Which light metrics should you specify for your application?
Our previous article explained the various LED colour metrics commonly used in the industry. This article now describes which metrics should be specified for different applications.
CCT (Correlated Colour Temperature) and CRI (Colour Rendering Index) are traditionally the standard industry terms used to specify the light produced by a luminaire. Ever improving LED technology, however, together with more discerning and demanding consumers, has resulted in LED manufacturers creating many customised and optimised outputs.
Specialised CCTs, such as Meat and Bread have been carried over into LEDs from fluorescent technology, and their uses are self-explanatory. Each LED manufacturer, however, has developed differing approaches to optimizing lighting and even when there are similarities, their unrelated terms give little clue as to their actual performance. Brilliant Mix, Class A, Vivid, Décor, CRI97 and Ultra-White are just a few of the terms used to describe specialised LEDs currently available.
The general rules that we follow to help us select the correct luminaires are as follows:
During the day, we use our highly colour sensitive photopic vision. At night, however, the colour becomes less important and more lux sensitive scotopic vision takes over. The eye’s sensitivity curve (known as the luminosity function or V(λ) curve) also shifts its peak sensitivity wavelength from yellow to blue. This is why higher colour temperatures are used for exterior LED lighting – usually 5000K and above, with 5700K and 6500K being common. Exterior lighting is largely used for safety reasons, and so high lux levels are deemed to be more important than light quality. This is why monochromatic sodium vapour lamps (up to 200lm/W) are traditionally used for streetlights, despite their lower scotopic performance than higher CCT polychromatic light sources. Thus high CRI is also usually not required for exterior lighting. LEDs can now have good CRI and high efficacy so CRI > 70 is usually considered to be sufficient, with luminaire manufacturers taking advantage of the lower CRI LEDs’ higher efficacy.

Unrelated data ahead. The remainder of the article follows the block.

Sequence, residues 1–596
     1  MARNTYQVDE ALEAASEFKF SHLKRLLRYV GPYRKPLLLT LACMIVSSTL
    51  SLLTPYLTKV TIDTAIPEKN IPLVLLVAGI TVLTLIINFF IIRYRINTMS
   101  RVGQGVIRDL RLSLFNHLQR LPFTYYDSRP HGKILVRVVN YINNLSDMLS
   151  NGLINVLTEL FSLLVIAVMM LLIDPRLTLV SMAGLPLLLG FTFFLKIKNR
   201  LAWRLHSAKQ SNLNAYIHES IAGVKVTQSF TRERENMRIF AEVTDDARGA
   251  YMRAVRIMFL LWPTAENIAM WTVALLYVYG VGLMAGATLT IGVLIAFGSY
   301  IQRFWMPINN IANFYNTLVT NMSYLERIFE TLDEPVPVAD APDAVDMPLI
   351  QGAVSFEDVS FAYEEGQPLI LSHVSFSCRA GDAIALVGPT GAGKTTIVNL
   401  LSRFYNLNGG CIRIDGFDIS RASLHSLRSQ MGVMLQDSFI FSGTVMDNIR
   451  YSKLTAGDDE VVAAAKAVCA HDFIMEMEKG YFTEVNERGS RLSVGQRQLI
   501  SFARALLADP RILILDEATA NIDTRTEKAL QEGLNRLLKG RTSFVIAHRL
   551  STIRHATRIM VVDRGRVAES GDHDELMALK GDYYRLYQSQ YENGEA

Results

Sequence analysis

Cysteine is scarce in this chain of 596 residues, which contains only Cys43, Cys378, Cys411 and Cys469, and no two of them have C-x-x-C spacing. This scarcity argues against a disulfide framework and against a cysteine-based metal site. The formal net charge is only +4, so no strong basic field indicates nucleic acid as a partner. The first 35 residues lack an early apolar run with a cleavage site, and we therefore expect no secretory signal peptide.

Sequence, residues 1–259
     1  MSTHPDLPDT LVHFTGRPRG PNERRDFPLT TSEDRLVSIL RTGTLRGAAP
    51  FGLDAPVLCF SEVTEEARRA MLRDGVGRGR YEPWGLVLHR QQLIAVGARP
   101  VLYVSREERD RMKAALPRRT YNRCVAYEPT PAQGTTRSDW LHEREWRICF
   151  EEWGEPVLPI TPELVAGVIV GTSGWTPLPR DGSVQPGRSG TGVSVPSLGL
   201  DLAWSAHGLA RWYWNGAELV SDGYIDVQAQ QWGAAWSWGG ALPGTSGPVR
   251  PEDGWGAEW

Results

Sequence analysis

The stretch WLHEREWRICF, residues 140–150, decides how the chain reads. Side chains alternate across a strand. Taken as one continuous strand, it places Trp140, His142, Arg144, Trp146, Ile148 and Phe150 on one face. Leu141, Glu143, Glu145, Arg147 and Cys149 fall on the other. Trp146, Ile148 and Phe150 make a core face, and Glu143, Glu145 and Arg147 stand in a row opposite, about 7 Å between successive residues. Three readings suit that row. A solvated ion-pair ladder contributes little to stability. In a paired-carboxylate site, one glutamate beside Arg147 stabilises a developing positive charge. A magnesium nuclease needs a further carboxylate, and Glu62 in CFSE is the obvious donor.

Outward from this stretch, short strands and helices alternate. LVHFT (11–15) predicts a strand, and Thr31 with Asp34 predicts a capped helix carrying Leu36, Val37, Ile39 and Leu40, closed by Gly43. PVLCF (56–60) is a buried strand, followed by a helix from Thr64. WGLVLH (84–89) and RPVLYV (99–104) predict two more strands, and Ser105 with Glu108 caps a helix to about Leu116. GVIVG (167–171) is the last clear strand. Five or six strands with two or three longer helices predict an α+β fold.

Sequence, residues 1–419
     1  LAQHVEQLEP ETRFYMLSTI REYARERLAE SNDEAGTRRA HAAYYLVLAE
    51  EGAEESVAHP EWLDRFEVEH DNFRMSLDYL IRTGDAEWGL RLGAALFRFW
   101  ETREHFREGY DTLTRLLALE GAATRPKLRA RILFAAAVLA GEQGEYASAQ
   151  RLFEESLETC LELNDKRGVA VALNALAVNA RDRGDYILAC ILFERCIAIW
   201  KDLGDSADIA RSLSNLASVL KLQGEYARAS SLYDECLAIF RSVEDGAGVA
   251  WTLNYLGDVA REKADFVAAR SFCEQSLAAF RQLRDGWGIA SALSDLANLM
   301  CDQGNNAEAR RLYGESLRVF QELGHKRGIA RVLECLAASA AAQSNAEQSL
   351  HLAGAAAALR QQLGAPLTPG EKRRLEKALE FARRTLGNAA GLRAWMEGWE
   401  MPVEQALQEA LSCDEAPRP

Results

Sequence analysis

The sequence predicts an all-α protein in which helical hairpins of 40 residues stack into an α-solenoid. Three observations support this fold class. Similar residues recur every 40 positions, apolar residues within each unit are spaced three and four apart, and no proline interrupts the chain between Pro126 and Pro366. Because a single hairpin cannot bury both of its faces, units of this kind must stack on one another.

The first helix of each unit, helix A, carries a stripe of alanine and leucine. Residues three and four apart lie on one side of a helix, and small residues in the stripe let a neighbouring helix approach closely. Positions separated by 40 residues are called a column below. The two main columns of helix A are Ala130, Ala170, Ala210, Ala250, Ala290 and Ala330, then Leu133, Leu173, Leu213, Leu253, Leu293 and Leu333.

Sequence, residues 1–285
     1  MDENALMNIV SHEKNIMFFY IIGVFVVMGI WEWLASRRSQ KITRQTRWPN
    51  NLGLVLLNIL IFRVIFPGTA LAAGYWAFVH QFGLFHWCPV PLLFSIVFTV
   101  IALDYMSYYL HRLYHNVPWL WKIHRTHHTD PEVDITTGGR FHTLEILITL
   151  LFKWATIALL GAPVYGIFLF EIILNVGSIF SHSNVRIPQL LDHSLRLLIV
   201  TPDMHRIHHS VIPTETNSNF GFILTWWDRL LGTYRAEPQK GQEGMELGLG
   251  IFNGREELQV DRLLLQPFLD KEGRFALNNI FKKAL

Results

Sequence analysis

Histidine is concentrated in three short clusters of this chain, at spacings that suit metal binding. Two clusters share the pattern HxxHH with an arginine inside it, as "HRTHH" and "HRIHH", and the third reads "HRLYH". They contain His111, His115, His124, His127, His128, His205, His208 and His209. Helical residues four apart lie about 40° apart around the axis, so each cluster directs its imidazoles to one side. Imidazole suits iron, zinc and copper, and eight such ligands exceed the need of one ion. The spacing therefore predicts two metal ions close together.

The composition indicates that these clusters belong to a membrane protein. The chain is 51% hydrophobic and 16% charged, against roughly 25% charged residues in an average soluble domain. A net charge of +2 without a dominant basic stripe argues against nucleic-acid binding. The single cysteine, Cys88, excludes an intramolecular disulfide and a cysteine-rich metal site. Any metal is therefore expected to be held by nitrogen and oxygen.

Interior Lighting – Domestic
LED lighting for homes has to try and replicate the feel of incandescent bulbs and so good CRI is essential (incandescent bulbs have a CRI of 100). CRI > 80 is standard and the CCT of the luminaire is largely determined by the room being illuminated, with personal taste being very important. Rooms which require an inviting, cosy ambience such as living rooms and bedrooms will use a CCT of 3000K or less. Kitchens and bathrooms, which require a brighter, crisper feel will use a CCT of 4000K and over.
Interior Lighting – Retail
Retail lighting design is much more technical, with much more scope for optimising lighting based on specific applications. The typical choice of CCT is still 4000K with CRI > 90 becoming the accepted norm. More and more LEDs which boost the vividness of colours – ideal for a retail environment – are becoming available. They also keep the ‘whiteness’ of white at the same time, regardless of CCT. Retailers have in the past felt that 3000K produces whites which are too ‘creamy’ while 4000K can create too much of a ‘cool’ appearance. 3500K was therefore selected as a middle ground – with the change in CCT being the only way to alleviate the problem. The choice of CCT will still be down to the individual retailer but the new generations of LEDs termed Vivid, Brilliant, Class A, Décor etc. allow 3000K to have bright whites and 4000K to have bright, rich colours. The excellent overall performance of these LEDs, both in colour rendering and enhancement and energy efficiency, therefore makes them an ideal choice for the retail environment.
Interior Lighting – Industrial
For industrial illumination, such as task lighting and warehouse lighting where 24 hour per day operation is common, the focus is primarily on high lux levels and lm/W performance. Higher CCTs of 5700K and 6500K are popular with CRI > 70 usually found acceptable. Some retailers like to have a constant CCT from warehousing, through to despatch and finally in the store, with 4000K then being the most appropriate choice.
LEDwise development engineers keep up to date with the performance of all of the current LEDs and can help you to optimise your lighting solutions. Please contact our Technical team for advice on your project’s requirements.